Diary

Anne Enright

Iris Robinson is, at the time of writing, under acute psychiatric care in a Belfast hospital, after a BBC Northern Ireland documentary revealed that she had, at the age of 59, solicited £50,000 from two property developers to help fund a business run by her 19-year-old lover, Kirk McCambley.

She has some experience of the mental health profession. In June 2008, days before she embarked on the affair, she said on the radio: ‘I have a very lovely psychiatrist who works with me in my offices and his Christian background is that he tries to help homosexuals – trying to turn them away from what they are engaged in.’ This was the interview in which she caused outrage by calling homosexuality ‘an abomination’. The ‘lovely psychiatrist’ was not Selwyn Black, who also worked in her offices and eventually shopped her to the BBC, but a consultant from Belfast’s Mater Hospital, who took a career break shortly after her remarks were made.

Selwyn Black has lectured in counselling at the University of Ulster, and his Christian background is that he has also worked as a Methodist minister and RAF chaplain. He specialised in the victims of trauma, of which there are many in Northern Ireland, and has given talks about the problem of compassion fatigue. He certainly suffered some kind of fatigue from working with Iris Robinson. Her remarks about homosexuality struck him as ‘bizarre’, in that the interview took place on the day her husband, Peter Robinson, went to Downing Street to accept the role of First Minister of the Northern Ireland Assembly ‘and there really was a sense that Iris had stolen his thunder’.

Black, who was hired as her political adviser, does not say when he decided to keep, rather than delete, Iris’s text messages, the intimacy of which is startling. He has, at any rate, more than 150 of them still on his phone. ‘Just cut links with Kirk,’ she texted in the autumn of 2008. ‘God’s word was very clear on it. He was reasonably OK. I am not.’ Also: ‘Everything is a reminder. Wherever I go. My home, my church, my car, my music and of course the roads we drove.’ Despite the ardency of these messages, it was not until he saw the couple together that Black realised what had gone on. ‘I had an increasing sense that this relationship was much more than I had ever construed and that it had huge consequences for all concerned.’ It is hard to blame him for being so slow; the boy was only 19. Iris had been hiding in plain sight. Black’s emotions may have been, in the circumstances, quite strong.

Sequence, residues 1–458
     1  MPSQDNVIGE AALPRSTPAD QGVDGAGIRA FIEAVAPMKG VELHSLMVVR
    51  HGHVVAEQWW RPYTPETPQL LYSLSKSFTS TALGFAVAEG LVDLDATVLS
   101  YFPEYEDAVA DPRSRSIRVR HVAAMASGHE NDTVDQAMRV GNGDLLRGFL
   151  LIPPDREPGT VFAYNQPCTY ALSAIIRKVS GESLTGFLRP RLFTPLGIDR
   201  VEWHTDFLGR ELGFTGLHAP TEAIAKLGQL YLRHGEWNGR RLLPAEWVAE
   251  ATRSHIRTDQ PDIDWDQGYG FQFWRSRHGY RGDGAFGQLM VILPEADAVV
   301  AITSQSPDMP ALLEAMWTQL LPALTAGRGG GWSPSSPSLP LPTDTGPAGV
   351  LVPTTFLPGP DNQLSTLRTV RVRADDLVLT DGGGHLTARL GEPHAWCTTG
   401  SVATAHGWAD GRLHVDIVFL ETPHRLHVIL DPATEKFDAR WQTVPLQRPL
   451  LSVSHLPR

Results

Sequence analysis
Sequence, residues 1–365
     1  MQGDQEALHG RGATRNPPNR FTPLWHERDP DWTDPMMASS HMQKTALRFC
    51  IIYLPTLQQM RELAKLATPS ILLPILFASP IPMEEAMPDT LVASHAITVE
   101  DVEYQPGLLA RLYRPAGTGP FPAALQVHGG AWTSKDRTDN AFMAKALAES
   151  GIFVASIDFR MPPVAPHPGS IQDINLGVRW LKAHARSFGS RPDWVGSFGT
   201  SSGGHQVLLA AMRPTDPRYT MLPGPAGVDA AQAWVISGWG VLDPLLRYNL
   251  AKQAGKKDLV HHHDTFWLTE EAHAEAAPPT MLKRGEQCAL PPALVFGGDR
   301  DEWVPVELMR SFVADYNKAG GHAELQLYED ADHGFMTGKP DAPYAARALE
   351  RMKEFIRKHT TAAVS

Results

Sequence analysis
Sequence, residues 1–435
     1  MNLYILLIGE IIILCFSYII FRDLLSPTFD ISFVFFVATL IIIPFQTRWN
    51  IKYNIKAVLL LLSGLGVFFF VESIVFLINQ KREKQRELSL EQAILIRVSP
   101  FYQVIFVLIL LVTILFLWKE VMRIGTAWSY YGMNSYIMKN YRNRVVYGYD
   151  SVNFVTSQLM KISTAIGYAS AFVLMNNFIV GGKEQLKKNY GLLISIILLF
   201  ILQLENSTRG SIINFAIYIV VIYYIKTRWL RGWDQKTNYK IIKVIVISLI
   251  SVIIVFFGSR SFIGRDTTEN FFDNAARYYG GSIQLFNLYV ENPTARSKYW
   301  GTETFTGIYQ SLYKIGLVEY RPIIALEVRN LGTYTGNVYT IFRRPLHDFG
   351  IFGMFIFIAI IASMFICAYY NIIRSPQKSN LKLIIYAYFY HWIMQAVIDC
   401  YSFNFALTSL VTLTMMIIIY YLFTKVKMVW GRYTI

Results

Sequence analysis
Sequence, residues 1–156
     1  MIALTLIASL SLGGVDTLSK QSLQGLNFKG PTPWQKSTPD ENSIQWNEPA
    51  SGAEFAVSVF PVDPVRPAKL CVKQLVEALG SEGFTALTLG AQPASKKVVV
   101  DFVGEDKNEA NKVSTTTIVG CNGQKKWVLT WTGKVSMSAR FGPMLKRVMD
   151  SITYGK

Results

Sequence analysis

He was a man trained to listen, but not to this. Iris may have talked this way to everyone – religious people can be so intense – but it is possible that not all of them wanted her to. Did Black find the intimacy of her messages seductive, before they became unsettling? What was the drama between them? The key may be in his response to an instruction, sent from Florida, about the £50,000 Iris wanted back from Kirk, now that the relationship had soured. Black was to assign ‘25k [to] Light and Life Free Methodist Church Dundonald, and other to me.’ To which Black thunders: ‘Where is god in all of this?’

If Iris Robinson is attracted to the role of penitent, she has the rest of her life to play it out. It is tempting to wonder whether she ever acted it with her husband, who is described as ‘controlled’, ‘cold’, ‘taciturn’, ‘shy’. The hope must be that her current psychiatrist can tell the difference between a state of mental health and a state of grace. Let us also hope that he does not vote for the Democratic Unionist Party.

She was born Iris Collins in 1949. Her mother was called Mary and her father was called Joseph. He was a demobbed soldier who died, just before her sixth birthday, of a chronic illness contracted on active service in the Far East. Iris, who describes herself as ‘Daddy’s girl’, was, she says, devastated. As the eldest daughter in a family of seven, she was used as a ‘substitute mother’ by Mary, who went out to work to ‘keep the family together’: destitution meant the family being split up among relatives or by social services. It was a core value; Iris Robinson has done much since then to ‘keep the family together’, sometimes in unusual ways.

At 16, she enrolled at Cregagh Technical College, where she ignored the most handsome boy in the school in order to win him. They kissed for the first time when she was 16 and Peter Robinson 17. They married four years later, in 1970. These were the early days of the Troubles. In 1971 Peter Robinson became politicised when his friend Harry Beggs was killed by an IRA bomb. He was an early member of the DUP founded by the magnificent fundamentalist preacher Ian Paisley.